• Guru of Gang Starr referenced The Mack in the song "Doe In Advance", saying "Like Max Julien I'm the authentic Mack So just relax, and keep the cuts like a lance."
  • Dr. Dre sampled dialogue from the film for the intro of the song "Rat-Tat-Tat-Tat" on his solo debut album The Chronic.
  • R. Kelly referenced The Mack in the song series "Trapped in the Closet", in the lines "And I said but yo' chick chose me/He said don’t give me that mack shit please".
  • Raekwon sampled dialogue from the film in his debut album Only Built 4 Cuban Linx.
  • Tupac Shakur sampled a dialogue in "Definition of a Thug Nigga".
  • The "Players Ball" scene gave its name to Outkast's first single, "Player's Ball".
  • Rapper Curren$y references Max Julien in his song "Chilled Coughee" from the 2010 album Pilot Talk. He states in another song, "I saw The Mack when I was only 11 years old/And I swore never to be a simp for a hoe!" He also later mentions Max Julien in the song "What's What" on the 2011 album Weekend at Burnie's.
  • Too Short, in his 1990 single "Pimpology", samples multiple lines in the movie from Goldie and Pretty Tony.
  • Jadakiss also remade the moment where Goldie and his partner kill Tony, in the skit "Stick Yourself" on his album, Kiss tha Game Goodbye. In this remake, Big Will plays Pretty Tony, Cross plays Goldie, and Icepick plays Slim (though he's referred to as "Pick").
  • Drum'n'bass producer Incognito sampled dialogue from The Blind Man in his song "Mack 2.0".
  • Dialogue from this movie is sampled at the start of 8Ball & MJG's 2001 single "Stop Playin' Games", which peaked at #47 on the U.S. charts.
  • Killer Mike, in his 2008 album I Pledge Allegiance to the Grind II, has sampled the "35,000 Dollars" dialogue on the track "Can You Buy That?"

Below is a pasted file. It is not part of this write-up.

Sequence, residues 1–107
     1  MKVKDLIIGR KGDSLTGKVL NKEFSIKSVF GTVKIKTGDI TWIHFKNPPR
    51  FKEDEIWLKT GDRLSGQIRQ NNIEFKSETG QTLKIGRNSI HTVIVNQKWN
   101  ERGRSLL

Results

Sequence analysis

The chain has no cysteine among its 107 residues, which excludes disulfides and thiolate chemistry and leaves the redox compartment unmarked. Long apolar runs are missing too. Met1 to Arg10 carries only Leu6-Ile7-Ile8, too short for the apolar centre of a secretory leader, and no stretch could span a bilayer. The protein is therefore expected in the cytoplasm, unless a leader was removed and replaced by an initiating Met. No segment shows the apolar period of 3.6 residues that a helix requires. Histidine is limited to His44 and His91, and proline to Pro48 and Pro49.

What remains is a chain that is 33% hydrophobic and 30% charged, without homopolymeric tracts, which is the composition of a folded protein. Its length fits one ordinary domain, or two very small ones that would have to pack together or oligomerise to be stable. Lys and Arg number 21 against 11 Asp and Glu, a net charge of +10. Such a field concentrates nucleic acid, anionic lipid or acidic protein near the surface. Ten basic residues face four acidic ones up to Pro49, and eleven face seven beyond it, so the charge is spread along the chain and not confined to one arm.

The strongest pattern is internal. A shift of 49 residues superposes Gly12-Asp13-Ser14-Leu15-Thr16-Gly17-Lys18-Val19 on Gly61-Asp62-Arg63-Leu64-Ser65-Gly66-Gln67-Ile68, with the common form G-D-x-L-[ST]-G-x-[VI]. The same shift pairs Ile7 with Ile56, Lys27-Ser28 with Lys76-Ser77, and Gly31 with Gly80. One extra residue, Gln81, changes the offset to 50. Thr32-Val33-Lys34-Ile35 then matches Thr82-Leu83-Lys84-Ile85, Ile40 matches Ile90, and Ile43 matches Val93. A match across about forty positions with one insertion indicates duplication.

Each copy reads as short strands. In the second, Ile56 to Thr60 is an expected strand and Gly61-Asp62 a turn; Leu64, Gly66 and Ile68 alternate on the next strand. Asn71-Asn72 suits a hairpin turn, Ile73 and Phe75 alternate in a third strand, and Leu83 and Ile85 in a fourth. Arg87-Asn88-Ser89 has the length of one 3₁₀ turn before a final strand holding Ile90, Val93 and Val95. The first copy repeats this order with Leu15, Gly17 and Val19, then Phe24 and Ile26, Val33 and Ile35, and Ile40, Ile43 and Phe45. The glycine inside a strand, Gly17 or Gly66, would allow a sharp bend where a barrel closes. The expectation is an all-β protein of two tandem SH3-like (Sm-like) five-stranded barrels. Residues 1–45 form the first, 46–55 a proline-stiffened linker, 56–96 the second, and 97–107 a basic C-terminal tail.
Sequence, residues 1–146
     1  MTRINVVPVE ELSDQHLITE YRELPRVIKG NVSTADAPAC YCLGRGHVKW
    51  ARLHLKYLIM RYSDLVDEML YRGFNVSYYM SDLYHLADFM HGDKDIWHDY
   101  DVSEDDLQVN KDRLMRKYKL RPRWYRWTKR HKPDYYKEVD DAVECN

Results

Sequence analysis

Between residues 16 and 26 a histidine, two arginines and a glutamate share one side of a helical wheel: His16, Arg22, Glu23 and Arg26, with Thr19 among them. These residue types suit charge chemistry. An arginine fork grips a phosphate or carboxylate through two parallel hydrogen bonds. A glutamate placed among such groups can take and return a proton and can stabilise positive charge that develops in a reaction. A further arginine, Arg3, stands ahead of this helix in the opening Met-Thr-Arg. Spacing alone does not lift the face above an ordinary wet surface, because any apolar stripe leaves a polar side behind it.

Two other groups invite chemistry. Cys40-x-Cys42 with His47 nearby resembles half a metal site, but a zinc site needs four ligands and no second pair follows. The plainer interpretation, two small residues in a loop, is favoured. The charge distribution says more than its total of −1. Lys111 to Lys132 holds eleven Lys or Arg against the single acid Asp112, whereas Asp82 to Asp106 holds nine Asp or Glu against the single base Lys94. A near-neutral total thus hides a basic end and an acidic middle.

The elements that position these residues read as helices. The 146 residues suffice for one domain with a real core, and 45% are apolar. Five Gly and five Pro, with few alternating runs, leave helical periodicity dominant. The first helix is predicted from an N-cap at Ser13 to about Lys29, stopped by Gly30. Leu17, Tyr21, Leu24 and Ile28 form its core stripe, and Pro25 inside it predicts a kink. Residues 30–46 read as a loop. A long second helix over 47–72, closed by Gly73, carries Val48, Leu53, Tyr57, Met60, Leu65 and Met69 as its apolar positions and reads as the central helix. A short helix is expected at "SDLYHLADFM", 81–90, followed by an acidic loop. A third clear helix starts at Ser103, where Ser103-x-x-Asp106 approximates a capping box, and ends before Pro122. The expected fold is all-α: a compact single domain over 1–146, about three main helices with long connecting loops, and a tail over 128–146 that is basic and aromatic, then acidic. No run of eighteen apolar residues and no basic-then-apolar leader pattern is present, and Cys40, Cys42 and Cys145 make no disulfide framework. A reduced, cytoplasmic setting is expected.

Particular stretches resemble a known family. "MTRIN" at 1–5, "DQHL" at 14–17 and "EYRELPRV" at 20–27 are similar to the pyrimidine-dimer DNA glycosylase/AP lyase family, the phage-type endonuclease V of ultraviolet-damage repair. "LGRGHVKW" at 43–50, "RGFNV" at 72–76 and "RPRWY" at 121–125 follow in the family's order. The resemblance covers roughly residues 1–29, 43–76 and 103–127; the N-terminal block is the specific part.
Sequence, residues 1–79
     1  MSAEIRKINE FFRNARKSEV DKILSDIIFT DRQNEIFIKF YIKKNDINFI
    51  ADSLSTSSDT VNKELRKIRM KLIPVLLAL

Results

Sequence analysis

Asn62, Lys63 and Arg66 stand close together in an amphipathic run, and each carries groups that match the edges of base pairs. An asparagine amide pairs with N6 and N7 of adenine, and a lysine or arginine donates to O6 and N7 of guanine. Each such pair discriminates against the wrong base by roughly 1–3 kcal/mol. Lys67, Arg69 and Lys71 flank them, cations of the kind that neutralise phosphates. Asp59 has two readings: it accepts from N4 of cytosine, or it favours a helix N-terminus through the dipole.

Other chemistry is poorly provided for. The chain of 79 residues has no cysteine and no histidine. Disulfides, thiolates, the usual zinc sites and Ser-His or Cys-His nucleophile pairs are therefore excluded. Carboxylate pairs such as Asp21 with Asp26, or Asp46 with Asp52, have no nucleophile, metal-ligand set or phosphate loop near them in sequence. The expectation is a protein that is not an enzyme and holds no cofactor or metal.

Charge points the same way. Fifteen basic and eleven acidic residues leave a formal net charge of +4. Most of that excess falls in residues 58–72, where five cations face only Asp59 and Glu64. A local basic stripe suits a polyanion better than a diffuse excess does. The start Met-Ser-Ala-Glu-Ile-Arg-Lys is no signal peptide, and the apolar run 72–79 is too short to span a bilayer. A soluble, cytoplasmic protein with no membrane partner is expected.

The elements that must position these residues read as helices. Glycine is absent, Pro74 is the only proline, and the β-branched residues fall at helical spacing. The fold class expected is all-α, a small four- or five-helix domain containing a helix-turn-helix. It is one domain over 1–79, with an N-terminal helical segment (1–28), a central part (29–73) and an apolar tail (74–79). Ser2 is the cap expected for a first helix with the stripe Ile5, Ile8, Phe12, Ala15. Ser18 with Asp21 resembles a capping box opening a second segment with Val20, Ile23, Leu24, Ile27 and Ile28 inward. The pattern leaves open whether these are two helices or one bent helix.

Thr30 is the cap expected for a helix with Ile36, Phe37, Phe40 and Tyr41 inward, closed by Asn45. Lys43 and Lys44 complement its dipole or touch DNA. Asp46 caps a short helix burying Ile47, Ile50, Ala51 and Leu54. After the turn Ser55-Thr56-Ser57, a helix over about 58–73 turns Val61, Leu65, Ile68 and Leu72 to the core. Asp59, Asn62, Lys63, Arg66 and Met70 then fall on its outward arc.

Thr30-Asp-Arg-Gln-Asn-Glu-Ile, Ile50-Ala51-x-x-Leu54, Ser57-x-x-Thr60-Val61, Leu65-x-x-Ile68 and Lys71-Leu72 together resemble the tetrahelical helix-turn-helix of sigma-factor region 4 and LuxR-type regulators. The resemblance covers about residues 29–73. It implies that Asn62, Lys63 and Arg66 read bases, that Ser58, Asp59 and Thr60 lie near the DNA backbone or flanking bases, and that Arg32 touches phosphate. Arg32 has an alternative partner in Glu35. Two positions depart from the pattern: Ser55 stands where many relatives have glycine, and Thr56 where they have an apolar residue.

• Kris Kross sampled a dialogue from Richard Pryor in Macking Ain't Easy.
  • Rapper and producer Raz Fresco sampled a clip from the movie in his music video for the song "Filmore Slim".
  • Electronic music duo Groove Armada samples a dialogue between Goldie and Lulu in their song "Pre 63".
  • The theme song was sampled in Three 6 Mafia's "Testin' My Gangsta".
  • In the 1993 film True Romance, written by Quentin Tarantino, The Mack is playing on Drexl Spivey's (Gary Oldman) television and referenced when Clarence Worley (Christian Slater) confronts him. When Drexl points out that Clarence isn't paying attention to the naked breasts on the screen, he responds: "I ain't looking at the movie because I already seen it seven years ago. It's The Mack. Max Julian, Carol Speed and Richard Pryor."
  • The Chemical Brothers 1998 compilation album Brothers Gonna Work It Out begins with the dialogue between Goldie and Olinga at the basketball courts.
  • In the film Friday, a character named Felicia asks the main character Craig to borrow his VCR so that she can dub The Mack.
  • in the television series Martin episode "Do You Remember the Time", Martin recalls his version of the first time and Gina met. In the episode "All the Players Came", Martin throws a player's ball themed fundraiser with guest starring Dick Anthony Williams as the MC Pretty Tony.

See also[edit]


  1. ^ "Big Rental Films of 1973", Variety, 9 January 1974, pg 19.
  2. ^ "'The Mack' is back after 40 years". Los Angeles Times. Retrieved 27 February 2015. 
  3. ^ Dutka, Elaine (1997-06-30). "ReDiggin' the Scene". The Los Angeles Times. Retrieved 2011-01-30. 
  4. ^ "See Why Black Panthers Got Violent With Crew On "The Mack" Movie Set". I Love Old School Music. I Love Old School Music. 
  5. ^ Walker, David; Rausch, Andrew; Watson, Chris (2009). Reflections on Blaxploitation: Actors and Directors Speak. Lanham, MD: Scarecrow. p. 19. 
  6. ^ Mims, Greg. ""The Mack": Inner City Youth Rises To Power!". ProQuest. New Pittsburgh Courier. 
  7. ^ King, Susan (25 September 2013). "'The Mack' Is Back after 40 Years". Los Angeles Times. 

External links[edit]